Environmental and management factors as determinants of pasture diversity and production of North Island, New Zealand hill pasture systems : a thesis submitted in partial fulfilment of the requirements for the degree of Doctor of Philosophy (PhD), Pastures and Crops Group, Institute of Natural Resources, Massey University, New Zealand

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Hill pasture systems are inherently variable due to both environmental (e.g. rainfall, temperature, altitude, slope, aspect and microtopography) and management (e.g. stock type, stocking rate, grazing behaviour and soil fertility) factors. Fertiliser application and grazing pressure are the two main tools used for hill pasture management, as hill pastures are non-arable and the success of oversowing into existing pastures has been limited. One aim of pasture management is to increase the percentage of desirable species (e.g. L perenne and T. repens) by changing composition rather than the addition of new species. Pasture botanical composition affects production directly through the productive capabilities of species present, but it is hypothesised that the number of species present play a role in pasture productivity and stability of hill pasture systems. A field survey and two glasshouse experiments were performed on hill pasture swards to identify the effects of imposed management and environmental factors on botanical composition. The relationship between species diversity and productivity was also investigated. Ten field survey data sets were collected from two research farms. These data sets reflected different management history, climate, season and time (28 year time lapse). Information collected for each data set included botanical composition, Olsen P, hill slope, standing green biomass, and species growth rate over a one month period. The results of the survey indicated that the same species were present on all sites surveyed, but the abundance of those species changed. For example, L. perenne, A. capillaris and T. repens were most abundant on the high fertility sites, A. capillaris was the dominant species on the low fertility sites, flatweeds were more abundant on the dry sites, and Muscii spp. were more abundant in spring than summer. There was no direct relationship between species diversity and pasture production, but factors such as hill slope, fertility and season appeared to play a role in a more complex, undefined relationship between species diversity and productivity. The first glasshouse experiment involved the application of two simulated management factors (i.e. defoliation height and treading) to hill pasture turves. The turves were removed from three hill country farmlets that had different management conditions imposed on them for 20 years. The abundance of A. capillaris, L. perenne, A. odoratum, Poa spp. and T. repens increased with the tall defoliation height, which was a positive effect, as was the increase in abundance of T. repens with treading. L. perenne and H. lanatus abundance decreased whilst treading was occurring, which was a negative effect. The second glasshouse experiment involved the application of a simulated environmental factor (i.e. moisture deficit and excess moisture) and its interaction with a management factor (i.e. treading) on the same turves. The abundance of H. lanatus, Poa spp., T. repens and other legumes decreased under the moisture deficit treatment. L. perenne abundance was unaffected. The abundance of C. cristatus, A. odoratum, F. rubra and L. perenne decreased under the excess moisture treatment, all others increased. T. repens abundance was increased with a combination of treading and excess moisture. Functional groups were developed as part of the objectives of this research programme, to simplify the system being studied. In response to the management and environmental factors applied to the turves, the functional groups were described as being increasers, decreasers or static. The results of the turves experiments were used to validate the definition of the functional groups. For example, the high fertility responsive grass functional group was more abundant on the high fertility turves and L. perenne, which is also responsive to high fertility conditions, was found to be in a functional group of its own because of its ability to recover from treading. A. capillaris, which like low fertility tolerant grasses was abundant on low fertility sites, was separated into a group of its own because of its great abundance and dominance of the sward. No definitive relationship between species diversity, production and stability of production was observed in the turves experiments. That A. capillaris was particularly dominant in all swards may have significantly influenced the relationship. As with the field survey, however, all species were observed on all turves, and just the abundance of those species changed. The results of this experimental work showed that pasture composition can be altered to a more desirable (leafy green with legumes and adapted to the environment in which they are occurring) form with the use of management factors such as fertiliser application, defoliation height and treading. That composition was changed without a change in the number of species present, suggested that such composition changes are reversible. The work also highlighted the importance of an environmental factor, that cannot be controlled by land managers (i.e. soil moisture), and its interaction with management practices in maintaining a desirable and stable pasture composition.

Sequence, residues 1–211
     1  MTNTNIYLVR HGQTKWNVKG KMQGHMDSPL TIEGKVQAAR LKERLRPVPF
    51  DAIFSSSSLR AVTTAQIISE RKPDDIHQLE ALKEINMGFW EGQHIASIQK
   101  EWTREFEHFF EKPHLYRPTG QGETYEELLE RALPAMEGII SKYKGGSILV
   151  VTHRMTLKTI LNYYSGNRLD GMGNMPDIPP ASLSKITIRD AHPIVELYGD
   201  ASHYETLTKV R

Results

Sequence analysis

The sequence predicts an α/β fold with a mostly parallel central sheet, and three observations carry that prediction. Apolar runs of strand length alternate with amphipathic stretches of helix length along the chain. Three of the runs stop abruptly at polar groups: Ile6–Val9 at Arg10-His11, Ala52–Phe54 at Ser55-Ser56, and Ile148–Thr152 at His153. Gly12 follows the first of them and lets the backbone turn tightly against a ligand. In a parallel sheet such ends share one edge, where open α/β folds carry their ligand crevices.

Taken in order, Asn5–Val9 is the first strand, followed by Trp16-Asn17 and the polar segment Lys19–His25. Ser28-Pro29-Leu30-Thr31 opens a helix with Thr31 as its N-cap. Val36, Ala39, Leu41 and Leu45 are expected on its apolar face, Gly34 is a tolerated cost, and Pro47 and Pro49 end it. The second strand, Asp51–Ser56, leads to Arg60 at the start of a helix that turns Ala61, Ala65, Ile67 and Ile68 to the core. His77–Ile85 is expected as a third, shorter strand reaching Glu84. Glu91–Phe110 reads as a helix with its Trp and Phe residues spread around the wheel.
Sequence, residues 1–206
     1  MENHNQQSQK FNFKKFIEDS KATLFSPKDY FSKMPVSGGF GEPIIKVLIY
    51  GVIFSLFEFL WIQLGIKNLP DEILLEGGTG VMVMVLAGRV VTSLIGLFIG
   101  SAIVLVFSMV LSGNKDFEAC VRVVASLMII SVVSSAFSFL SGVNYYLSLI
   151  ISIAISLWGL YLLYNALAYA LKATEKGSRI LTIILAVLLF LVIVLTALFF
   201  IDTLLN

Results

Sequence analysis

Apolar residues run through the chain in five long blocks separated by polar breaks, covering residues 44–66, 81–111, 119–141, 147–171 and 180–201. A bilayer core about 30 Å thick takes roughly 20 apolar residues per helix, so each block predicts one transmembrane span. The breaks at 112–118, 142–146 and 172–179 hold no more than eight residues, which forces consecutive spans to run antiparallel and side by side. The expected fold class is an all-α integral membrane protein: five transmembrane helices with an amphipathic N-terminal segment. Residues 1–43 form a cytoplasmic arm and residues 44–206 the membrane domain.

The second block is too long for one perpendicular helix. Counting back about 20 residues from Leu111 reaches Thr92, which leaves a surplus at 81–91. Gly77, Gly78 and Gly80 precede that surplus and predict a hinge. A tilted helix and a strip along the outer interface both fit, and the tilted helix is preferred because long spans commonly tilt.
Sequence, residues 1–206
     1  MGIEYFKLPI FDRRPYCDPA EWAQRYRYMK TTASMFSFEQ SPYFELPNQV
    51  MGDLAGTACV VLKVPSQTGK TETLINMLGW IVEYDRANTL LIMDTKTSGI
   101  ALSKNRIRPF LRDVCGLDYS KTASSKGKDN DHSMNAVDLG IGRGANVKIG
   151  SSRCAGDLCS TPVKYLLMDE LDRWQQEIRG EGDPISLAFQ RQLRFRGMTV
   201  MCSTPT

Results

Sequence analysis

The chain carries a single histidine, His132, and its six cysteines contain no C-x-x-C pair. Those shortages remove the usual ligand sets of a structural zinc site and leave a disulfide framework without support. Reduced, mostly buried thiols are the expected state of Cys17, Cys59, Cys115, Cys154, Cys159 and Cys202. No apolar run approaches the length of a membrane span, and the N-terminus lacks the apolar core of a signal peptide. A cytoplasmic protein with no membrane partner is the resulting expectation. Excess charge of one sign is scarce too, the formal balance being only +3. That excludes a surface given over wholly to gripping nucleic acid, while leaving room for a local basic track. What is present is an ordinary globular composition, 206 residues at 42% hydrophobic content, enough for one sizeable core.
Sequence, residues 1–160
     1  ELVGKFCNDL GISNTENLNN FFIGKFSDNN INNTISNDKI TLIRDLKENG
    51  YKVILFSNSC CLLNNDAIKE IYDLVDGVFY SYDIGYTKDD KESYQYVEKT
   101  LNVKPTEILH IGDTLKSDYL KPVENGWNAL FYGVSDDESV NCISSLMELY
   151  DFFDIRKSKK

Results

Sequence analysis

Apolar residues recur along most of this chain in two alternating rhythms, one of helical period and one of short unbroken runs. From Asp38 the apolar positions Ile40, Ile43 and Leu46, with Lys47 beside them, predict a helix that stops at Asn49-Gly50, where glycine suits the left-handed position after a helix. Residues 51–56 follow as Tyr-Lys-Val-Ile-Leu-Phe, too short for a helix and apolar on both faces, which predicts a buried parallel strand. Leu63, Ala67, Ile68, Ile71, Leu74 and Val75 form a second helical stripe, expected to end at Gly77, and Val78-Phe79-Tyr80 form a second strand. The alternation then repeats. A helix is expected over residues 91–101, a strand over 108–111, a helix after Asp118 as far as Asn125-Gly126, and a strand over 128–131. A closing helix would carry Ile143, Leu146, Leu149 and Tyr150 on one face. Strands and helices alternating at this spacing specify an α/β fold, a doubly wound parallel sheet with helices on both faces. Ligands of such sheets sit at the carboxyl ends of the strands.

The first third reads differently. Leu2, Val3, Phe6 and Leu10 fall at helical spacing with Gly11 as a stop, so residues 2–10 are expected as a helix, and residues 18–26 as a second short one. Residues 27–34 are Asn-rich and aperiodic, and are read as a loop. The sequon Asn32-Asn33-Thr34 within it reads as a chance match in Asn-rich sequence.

Pasture production, Pasture fertility